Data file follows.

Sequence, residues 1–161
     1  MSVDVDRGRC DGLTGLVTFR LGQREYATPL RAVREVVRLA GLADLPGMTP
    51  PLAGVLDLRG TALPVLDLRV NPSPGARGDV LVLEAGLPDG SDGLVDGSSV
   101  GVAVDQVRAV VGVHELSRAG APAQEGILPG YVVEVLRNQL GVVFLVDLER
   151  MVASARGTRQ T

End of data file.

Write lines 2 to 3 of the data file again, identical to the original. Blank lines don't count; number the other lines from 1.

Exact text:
     1  MSVDVDRGRC DGLTGLVTFR LGQREYATPL RAVREVVRLA GLADLPGMTP
    51  PLAGVLDLRG TALPVLDLRV NPSPGARGDV LVLEAGLPDG SDGLVDGSSV